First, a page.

, May 27, 2018
(view all comments by Hillary Mohaupt)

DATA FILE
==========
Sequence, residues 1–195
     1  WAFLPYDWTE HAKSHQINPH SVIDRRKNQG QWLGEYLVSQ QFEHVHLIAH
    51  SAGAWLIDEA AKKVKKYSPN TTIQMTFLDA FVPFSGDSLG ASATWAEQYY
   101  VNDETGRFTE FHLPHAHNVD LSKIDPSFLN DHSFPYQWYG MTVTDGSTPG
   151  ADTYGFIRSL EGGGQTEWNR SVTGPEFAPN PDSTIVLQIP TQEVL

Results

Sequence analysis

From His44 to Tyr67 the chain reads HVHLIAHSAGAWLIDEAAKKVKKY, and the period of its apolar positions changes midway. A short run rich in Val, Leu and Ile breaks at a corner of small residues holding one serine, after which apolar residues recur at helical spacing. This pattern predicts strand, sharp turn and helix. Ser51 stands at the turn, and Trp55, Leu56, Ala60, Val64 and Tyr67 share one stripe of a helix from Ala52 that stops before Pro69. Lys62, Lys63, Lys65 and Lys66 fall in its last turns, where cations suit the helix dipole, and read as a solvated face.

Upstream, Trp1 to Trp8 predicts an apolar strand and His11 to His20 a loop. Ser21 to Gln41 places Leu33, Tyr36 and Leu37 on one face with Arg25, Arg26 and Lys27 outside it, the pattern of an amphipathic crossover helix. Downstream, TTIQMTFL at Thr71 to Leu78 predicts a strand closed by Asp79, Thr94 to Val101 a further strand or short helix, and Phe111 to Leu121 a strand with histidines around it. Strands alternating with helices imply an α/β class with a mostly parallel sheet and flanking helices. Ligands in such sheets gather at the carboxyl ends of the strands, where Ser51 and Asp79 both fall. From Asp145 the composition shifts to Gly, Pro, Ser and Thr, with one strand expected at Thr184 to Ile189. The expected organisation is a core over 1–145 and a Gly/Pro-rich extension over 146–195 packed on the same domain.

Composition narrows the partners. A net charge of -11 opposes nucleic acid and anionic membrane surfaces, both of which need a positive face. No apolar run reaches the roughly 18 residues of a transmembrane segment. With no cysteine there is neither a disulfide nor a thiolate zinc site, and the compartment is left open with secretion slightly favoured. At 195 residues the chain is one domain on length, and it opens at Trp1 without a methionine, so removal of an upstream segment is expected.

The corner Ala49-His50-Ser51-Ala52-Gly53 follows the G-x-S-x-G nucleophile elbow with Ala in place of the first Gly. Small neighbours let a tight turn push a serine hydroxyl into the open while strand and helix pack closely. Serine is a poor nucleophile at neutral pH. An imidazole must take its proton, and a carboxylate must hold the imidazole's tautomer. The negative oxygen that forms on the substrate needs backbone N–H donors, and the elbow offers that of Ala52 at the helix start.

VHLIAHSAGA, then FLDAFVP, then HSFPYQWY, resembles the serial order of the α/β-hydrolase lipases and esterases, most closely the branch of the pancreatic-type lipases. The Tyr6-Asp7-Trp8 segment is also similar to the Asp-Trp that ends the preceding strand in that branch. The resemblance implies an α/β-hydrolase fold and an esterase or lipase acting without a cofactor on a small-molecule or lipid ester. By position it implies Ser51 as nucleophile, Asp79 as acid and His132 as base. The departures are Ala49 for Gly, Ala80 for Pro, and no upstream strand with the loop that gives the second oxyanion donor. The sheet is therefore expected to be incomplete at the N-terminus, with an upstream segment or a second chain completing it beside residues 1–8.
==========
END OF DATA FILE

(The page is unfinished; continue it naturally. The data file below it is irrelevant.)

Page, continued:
John McNally's book grew out of a Facebook post composed on a whim to list his failures as a writer – the books that never sold, the stories that were never published. The response from his Facebook connections was overwhelming: other writers thanked him for his frankness and shared his post along with their own list of failures. But The Promise of Failure is not just a list of failures -- it's a collection of essays that encourage the reader to determine not only how she writes, but why. Pithy and full of insight, this book is full of hard-hitting, tweet-length advice a writer could scribble out on a Post-it note and slap above their writing desk for inspiration. Yet McNally’s book is not an instruction manual; it’s a guidebook for finding your own pain points, for helping you identify what it is that makes failure and endurance so difficult, for measuring your progress against your own work and expectations, rather than the perfectly curated success of your social media connections. “Learn what your own strengths and weaknesses are,” he writes, which is good advice not only for writing but for every professional endeavor you might ever undertake. In the end, McNally encourages each writer to work her own way to the kind of failure that keeps her coming back to the page.